chapter  2
13 Pages

Genetic Determinants of Nutrient Processing

WithNicholette D. Palmer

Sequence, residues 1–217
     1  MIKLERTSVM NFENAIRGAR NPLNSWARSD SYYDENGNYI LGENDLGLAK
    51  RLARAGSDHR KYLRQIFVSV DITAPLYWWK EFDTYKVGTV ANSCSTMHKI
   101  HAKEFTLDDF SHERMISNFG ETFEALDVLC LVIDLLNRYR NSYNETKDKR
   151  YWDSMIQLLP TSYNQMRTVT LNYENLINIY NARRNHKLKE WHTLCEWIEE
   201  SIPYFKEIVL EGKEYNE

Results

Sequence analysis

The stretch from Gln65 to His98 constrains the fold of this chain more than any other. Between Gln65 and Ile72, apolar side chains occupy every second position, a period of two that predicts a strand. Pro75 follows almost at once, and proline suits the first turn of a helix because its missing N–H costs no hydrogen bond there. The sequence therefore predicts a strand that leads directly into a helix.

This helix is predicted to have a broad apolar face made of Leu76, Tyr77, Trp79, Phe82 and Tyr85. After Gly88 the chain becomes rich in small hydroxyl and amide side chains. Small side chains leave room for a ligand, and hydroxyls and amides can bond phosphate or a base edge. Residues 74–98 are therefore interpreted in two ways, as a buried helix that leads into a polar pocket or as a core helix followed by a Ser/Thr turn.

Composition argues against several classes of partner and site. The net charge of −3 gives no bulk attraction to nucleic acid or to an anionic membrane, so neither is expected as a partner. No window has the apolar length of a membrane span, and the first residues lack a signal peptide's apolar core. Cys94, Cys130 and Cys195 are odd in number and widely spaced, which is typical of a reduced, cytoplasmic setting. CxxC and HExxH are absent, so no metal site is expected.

Success in the era of human genetic studies was first realized with the identification of rare variants underlying Mendelian forms of disease. Also termed single-gene disorders, these diseases are often the result of changes in DNA sequence (mutations) in one gene and have been observed to segregate within families. The first Mendelian disease for which the molecular basis was identified was sickle cell anemia [1]. Resulting from a nucleotide transversion (A→T), the codon at amino acid position 6 in the β-hemoglobin gene (HBB) is mutated from a glutamic acid to valine. The mutation produces a variant form of the β-chain of hemoglobin, termed HbS, which polymerizes in red blood cells after deoxygenation [2,3]. This aggregation of hemoglobin chains causes red blood cells to distort into a crescent or sickled shape. These defective red blood cells are unable to transport oxygen and cause obstructions in the vasculature, resulting in increased mortality. This discovery demonstrated a molecular basis for disease that has been successfully applied to many other Mendelian diseases (e.g., cystic fibrosis [4], Tay Sachs disease [5], and Huntington’s disease [6].) The majority of Mendelian phenotypes identified to date result from protein coding mutations, with relatively few phenotypes attributed to variation outside the coding region [7]. As of November 2017, there were 5,132 Mendelian phenotypes with a known molecular basis, while 1,593 remain unknown, and many more Mendelian conditions have yet to be recognized [8].